Published August 17, 2010
Volume 18, Number 8

Pain Specialist Dr. Richard Shinaman a Leader in the Emerging Field of Pain Medicine  

By Nicole Zaro Stahl

Richard Shinaman, M.D., is preoccupied with pain—specifically, with finding ways to alleviate pain and suffering. Currently Director of Pain Medicine and Director of Clinical Research at Pain Medicine Consultants, a five-year-old practice that recently opened a new office at 5924 Stoneridge Drive, Shinaman has spent many years exploring the causes of pain and how to provide pain relief.

“Pain is a major, under-recognized problem in our society,” the doctor remarks. “Chronic pain has the insidious ability to wreak havoc on a person’s life if not treated promptly.” Unfortunately, he notes, there is a social stigma attached to chronic pain, because people who are physically uncomfortable for long periods tend to become withdrawn and stop doing things that they want to do.

For example, people in pain can stop relating to their loved ones in rewarding ways, and they often focus more on their own feelings of pain than anything else. “If severe and unchecked, this process results in a downward spiral that ultimately can cause an individual to have difficulty living a meaningful life,” Shinaman explains. “Everyone with severe, ongoing pain has some degree of frustration or even depression about his or her condition.”

Changing that situation has become his life’s work.

A first-generation physician, Shinaman grew up in Colorado in a “normal” family with one younger brother. He developed strong ties to his natural surroundings, enjoying challenging activities like rock-climbing that put him in the midst of Colorado’s majestic landscapes.

At the same time, he was also an academic striver. He started college at the University of North Carolina, Chapel Hill. After his junior year in a study-abroad program at the University of Wollongong in Australia, on the coast just south of Sydney, he decided to get back to his home environment. He transferred to the University of Colorado in Boulder, where he continued his interest in the natural sciences, already deepened from his study of Australian biodiversity. Signs of the scholar were evident when, still an undergraduate, he received funding from the National Science Foundation for a project investigating forest dynamics in Southwestern Virginia. Majoring in ecological biology, he earned a B.A. with distinction in 1995.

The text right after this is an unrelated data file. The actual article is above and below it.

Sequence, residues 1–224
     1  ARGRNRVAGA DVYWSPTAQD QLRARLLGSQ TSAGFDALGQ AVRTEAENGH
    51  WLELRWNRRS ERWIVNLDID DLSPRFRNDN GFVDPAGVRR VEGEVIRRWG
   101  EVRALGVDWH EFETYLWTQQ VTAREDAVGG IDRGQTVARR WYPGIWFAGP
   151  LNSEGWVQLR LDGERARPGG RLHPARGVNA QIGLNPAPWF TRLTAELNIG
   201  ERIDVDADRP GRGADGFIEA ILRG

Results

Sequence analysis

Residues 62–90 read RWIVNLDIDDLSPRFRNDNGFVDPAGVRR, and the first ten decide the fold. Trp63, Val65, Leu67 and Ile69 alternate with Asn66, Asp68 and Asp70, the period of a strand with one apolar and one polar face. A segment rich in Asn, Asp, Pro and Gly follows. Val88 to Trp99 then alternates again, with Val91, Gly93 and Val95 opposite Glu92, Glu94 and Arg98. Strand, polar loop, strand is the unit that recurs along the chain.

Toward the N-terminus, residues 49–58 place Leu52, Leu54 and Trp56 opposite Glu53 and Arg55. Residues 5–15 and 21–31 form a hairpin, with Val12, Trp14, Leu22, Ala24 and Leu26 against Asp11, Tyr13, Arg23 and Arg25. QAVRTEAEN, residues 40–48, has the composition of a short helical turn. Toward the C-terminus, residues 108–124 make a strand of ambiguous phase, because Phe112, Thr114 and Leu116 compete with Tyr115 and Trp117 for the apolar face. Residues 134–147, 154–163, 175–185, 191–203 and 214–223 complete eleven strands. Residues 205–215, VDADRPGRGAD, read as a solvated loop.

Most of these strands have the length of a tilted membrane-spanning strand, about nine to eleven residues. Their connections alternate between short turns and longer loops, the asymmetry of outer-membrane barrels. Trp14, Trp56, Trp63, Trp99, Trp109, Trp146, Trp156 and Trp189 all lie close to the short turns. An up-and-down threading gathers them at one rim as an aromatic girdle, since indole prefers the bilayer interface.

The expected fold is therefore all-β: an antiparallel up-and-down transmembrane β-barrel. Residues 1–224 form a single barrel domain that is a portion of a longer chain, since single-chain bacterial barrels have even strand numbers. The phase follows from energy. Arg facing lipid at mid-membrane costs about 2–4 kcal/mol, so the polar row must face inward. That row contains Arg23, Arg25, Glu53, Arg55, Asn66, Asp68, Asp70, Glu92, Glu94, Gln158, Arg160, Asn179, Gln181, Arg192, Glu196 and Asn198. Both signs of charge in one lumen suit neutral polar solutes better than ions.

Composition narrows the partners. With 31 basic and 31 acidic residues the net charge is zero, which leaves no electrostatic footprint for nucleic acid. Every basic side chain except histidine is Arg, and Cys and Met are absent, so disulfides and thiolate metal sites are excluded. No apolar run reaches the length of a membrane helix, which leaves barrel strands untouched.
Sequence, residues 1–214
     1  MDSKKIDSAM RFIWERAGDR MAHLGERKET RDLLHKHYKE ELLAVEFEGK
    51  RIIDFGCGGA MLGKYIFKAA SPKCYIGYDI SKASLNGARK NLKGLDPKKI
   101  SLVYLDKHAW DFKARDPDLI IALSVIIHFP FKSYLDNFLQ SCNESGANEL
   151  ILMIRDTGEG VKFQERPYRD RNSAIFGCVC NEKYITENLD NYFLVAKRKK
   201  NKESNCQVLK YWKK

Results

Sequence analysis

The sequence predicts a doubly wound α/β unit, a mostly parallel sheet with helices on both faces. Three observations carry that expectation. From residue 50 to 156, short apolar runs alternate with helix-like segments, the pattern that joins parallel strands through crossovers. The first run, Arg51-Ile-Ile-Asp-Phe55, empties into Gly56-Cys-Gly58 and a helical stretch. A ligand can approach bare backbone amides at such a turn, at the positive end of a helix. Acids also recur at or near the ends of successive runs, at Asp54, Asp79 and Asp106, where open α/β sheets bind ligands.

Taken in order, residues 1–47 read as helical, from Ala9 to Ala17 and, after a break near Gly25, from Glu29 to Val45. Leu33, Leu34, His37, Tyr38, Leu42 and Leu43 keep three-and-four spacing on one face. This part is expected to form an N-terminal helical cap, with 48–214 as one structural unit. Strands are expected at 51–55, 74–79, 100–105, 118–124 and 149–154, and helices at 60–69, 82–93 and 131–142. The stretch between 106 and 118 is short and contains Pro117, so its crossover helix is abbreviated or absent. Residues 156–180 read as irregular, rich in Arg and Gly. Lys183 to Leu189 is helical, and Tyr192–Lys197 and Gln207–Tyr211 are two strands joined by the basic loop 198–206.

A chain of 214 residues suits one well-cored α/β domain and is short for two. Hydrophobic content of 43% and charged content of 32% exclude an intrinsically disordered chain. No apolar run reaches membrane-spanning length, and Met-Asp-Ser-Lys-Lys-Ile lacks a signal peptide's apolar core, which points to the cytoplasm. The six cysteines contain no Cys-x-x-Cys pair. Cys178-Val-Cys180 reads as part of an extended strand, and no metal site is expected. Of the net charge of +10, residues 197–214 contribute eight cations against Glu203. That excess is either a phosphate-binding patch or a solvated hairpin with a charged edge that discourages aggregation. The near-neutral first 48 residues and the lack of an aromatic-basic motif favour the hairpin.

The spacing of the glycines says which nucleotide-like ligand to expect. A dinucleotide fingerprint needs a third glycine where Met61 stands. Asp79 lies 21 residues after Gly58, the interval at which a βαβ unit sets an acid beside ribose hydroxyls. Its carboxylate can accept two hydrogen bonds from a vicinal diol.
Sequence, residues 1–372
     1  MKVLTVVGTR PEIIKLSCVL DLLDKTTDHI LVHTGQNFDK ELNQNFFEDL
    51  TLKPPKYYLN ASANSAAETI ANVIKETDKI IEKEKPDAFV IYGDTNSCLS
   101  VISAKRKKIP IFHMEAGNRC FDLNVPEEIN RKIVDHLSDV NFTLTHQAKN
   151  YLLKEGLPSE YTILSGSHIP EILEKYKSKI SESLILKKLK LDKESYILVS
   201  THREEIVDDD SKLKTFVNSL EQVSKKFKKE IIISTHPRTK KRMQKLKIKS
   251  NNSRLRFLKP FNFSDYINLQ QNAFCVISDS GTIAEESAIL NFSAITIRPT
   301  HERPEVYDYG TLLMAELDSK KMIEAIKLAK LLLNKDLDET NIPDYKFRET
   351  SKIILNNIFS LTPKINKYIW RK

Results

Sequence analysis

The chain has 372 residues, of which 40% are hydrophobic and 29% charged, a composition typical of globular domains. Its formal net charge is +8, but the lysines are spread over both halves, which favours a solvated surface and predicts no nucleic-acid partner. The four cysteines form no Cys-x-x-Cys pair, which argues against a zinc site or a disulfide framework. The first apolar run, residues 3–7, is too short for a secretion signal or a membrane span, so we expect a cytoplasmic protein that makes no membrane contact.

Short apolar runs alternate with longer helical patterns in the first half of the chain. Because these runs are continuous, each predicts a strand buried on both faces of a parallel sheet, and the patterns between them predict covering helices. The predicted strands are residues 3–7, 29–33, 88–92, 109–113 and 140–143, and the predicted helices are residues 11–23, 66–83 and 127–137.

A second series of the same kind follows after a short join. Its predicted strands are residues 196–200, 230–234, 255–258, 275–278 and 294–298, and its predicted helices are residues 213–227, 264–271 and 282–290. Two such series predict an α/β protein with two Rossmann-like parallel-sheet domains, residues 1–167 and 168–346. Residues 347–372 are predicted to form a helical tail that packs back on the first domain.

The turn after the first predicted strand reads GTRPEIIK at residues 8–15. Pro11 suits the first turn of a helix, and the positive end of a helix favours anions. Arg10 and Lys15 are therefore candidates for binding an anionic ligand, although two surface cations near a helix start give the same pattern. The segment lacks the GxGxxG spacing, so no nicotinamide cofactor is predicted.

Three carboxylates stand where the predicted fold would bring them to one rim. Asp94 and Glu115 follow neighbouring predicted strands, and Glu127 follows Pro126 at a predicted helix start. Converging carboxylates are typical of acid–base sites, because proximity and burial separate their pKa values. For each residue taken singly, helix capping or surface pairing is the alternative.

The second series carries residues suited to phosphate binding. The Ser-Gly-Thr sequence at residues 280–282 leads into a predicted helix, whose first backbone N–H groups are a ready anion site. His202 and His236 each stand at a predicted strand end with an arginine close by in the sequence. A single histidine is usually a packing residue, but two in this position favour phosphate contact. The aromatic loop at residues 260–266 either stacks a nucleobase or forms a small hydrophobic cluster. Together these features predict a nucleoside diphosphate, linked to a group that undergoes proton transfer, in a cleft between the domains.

Shinaman spent the year after college as a special education teacher in the Boulder school system. Influenced by his affinity for outside activity, he designed and implemented several outdoor education programs for physically challenged students.

The following year he started medical school at the University of Colorado in Denver, with the assistance of two prized scholarships. Throughout his four years there he received regular citations for academic excellence and was elected to Alpha Omega Alpha, the exclusive medical school honor society that accepts only the top five percent of students per class.

While in Denver, Shinaman was also busy honing the caring role he sought to play in the broader community. He worked at a Salvation Army clinic for indigents undergoing drug and alcohol rehabilitation, volunteered at a family health center in Honduras, and served as a team leader for a summer camp program for children with cancer. These experiences undoubtedly helped earn him the Best Doctor award in his graduating class.

He also found time to conduct studies on the effects of high altitude in children with respiratory infections and authored a chapter on acute renal failure for a critical care text created at the hospital.

After a transitional internship at Presbyterian/Saint Luke’s Medical Center in Denver, in 2001 Shinaman arrived in California for a three-year residency in anesthesia and critical care at Stanford University Medical School. He had passed through the Bay Area several times in the course of his travels and knew this was ultimately where he wanted to put down roots.